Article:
Inside This Rising Rapper's Scientific Method

Inside This Rising Rapper's Scientific Method

By Joshua Eferighe


Because he's arriving — at last — on Chicago's hip-hop scene.

By Joshua Eferighe

The presumption of potential can be just as problematic as doubt if you’re not grounded in purpose. And for 24-year-old rapper Femdot, the pressures of tomorrow have always hovered. 

Luckily, for someone who took the unusual route to the rap game via a biology degree, he understands that a music journey is a process of steps not unlike a science experiment. It means that a slower road to success than many of his peers is one he can bear.

In 2016, Pigeons & Planes declared Femdot the “new wave” after his well-received fo(u)r EP. In 2017, he got a look from Billboard, but was still described as someone “hoping to solidify his standing” among the flourishing Chicago rap scene. And in 2018 as the Chicago Tribune finally announced he’d joined the front ranks of the city’s hip-hop wave, Nylon magazine deemed him as a “new” rap sensation. This for someone who has been making and handing out music for 15 years and counting. 

“It’s kinda hard to be in a city, at least in Chicago, and say that you’ve never heard my name before,” Femdot says. “But it happens.” 

Still, Femdot relishes being perennially on the rise. “I thoroughly enjoy the whole ‘new guy breaking out’ or whatever [framing] cause it don’t matter when you find me, you’ve found me,” he says. 

If you haven’t heard of Femdot, there’s a good chance it’s because you didn’t know you were listening to him. Last year he signed a distribution deal with artist management and recording space Closed Sessions, dropped his debut album Delacreme 2, sold out Chicago’s Lincoln Hall on his own and rocked the stage at Lollapalooza. Today, he sits atop a monthly Spotify listenership of 56,000 and Apple streams of 1.1 million. He’s toured with established stars like Tobi Lou, graced the stage of Jimmy Kimmel Live!, collaborated with Grammy-nominated artists like Smino and Saba of Pivot Gang, and has landed on must-hear lists from XXL to streaming giant TIDAL. 

Femdot is no longer up and coming or en route; he’s here. 

There’s always room to be more descriptive — to be more open — and there’s always another pocket to find.


We caught up with Femdot on a Wednesday afternoon when a lot of his rap peers and friends had just been announced as Grammy nominees. Dreamville’s compilation album, Revenge of the Dreamers III, had just been announced has a contender in multiple categories, meaning Saba, Smino and audio engineer Elton of Classick Studios were now not only his homies, but would soon grace the red carpet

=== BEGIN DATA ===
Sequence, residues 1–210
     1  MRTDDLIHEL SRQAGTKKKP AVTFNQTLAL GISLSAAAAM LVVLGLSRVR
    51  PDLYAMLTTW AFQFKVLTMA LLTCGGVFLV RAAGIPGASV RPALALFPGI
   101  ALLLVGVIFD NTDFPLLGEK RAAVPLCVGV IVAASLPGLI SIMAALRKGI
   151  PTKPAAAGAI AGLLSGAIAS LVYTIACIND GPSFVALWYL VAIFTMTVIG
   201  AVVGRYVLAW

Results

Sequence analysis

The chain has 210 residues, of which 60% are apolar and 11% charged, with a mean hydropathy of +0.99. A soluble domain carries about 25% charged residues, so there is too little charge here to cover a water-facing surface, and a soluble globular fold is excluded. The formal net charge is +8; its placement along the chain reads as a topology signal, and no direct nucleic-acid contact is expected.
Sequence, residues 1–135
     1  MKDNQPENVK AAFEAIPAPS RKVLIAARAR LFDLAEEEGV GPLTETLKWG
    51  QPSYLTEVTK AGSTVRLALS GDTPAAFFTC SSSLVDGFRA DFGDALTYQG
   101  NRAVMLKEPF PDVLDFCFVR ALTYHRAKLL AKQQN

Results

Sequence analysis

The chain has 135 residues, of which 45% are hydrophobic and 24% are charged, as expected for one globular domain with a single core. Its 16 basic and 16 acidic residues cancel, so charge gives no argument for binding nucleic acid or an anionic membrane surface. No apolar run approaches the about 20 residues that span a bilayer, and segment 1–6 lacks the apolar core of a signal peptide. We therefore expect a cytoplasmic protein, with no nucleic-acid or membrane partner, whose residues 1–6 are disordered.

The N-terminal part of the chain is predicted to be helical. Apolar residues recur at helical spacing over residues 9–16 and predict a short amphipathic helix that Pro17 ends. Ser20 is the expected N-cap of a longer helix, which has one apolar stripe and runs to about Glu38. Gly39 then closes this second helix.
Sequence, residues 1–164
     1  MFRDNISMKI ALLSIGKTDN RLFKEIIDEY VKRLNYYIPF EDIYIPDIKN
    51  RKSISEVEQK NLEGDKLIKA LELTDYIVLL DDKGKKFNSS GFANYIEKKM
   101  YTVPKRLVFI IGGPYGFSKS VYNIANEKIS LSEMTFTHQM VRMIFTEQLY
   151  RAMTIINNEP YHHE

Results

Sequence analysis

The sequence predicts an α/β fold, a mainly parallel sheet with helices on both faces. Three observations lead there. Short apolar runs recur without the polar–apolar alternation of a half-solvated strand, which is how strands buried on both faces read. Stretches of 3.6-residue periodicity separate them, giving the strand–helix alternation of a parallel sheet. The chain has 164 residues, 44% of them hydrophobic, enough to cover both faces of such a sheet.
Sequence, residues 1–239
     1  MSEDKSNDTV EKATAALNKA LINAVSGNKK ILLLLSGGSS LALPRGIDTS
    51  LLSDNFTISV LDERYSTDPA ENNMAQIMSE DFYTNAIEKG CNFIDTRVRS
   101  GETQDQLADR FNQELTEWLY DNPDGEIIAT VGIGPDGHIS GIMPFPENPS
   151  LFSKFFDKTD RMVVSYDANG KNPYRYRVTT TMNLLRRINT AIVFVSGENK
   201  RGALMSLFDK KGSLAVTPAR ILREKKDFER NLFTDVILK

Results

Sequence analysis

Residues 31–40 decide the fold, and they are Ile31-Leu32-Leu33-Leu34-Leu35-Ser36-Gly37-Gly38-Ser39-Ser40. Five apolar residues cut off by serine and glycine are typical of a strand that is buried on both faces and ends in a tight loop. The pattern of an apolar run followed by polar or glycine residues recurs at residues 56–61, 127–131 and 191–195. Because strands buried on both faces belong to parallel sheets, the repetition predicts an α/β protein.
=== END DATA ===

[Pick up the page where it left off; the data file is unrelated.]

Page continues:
Femdot has been making music for 15 years.

“It’s so crazy to me,” he says in pure awe. “I understand the whole, ‘Grammys shouldn’t be your gauge of success’ and ‘It’s the White people award’ and all that shit is cool in theory, but these really are my friends.” 

They all came of age in the same competitive poetry circuit — other alumni include Chance the Rapper, Mick Jenkins, Noname and Jamila Woods — but Femdot’s time has been slower in coming.

Yet if you ask PJ Gordon, a 24-year-old playlist curator and artist liaison for Audiomack, Femdot’s arrival was right on time. “I don’t think Fem has ever wasted a moment,” Gordon says. “Fem is very much so a long-term artist. I don’t think he’s a flavor of the week, and that takes longer to brew.”


Femdot was born of Nigerian immigrant parents and is the youngest of four children.

Born Femi Adigun to Nigerian immigrant parents in the northern Chicago suburbs of Evanston, Femdot has known he wanted to rap since the age of 6. Even as he got to middle school, the academically talented youngster was sold on his music career, peddling self-recorded mixtapes to his friends in the hallway by age 9. Being the youngest of four, his older siblings not only put him on to classics like Jay-Z, but nicknamed him Femdot after the Brooklyn rapper’s go-to moniker at the time: S-Dot Carter.

But school was still just important as music and he didn’t feel like he had to choose — so he didn’t. While working on a biological sciences degree from DePaul (he started at Penn State but transferred back closer to home), Femdot still managed to release a body of work each year except 2015, which was spent preparing his 2016 four-part series, the20/20hour.

And the two passions mesh better than you’d think. His logical mindset shines through in how he maps out his album concepts, setting up his storytelling, wordplay and flows. But what people really come for is the bars: The wordsmith looks to out-rap anyone he shares a track with, even himself.

“He creates the type of hip-hop I love the most,” says Alexander Fruchter, the co-founder of Closed Sessions. “His music is in the present and also rooted in some of the fundamentals and the legacy of the past and wants to be part of that conversation. That’s an overall aesthetic that brings people in.” 

Having just released his sophomore album, 94 Camry Music, and finished a tour, he laments that he still has room to improve as the biggest year of his professional life has just come to a close. “I can always be better at writing; I can get better with my pen; I think there’s always room to be more descriptive — to be more open — and there’s always another pocket to find,” he says. 

He is cryptic about his next steps, saying it will take two more projects to complete the sequence. The rest of us will just have to wait until he’s done tinkering in the lab.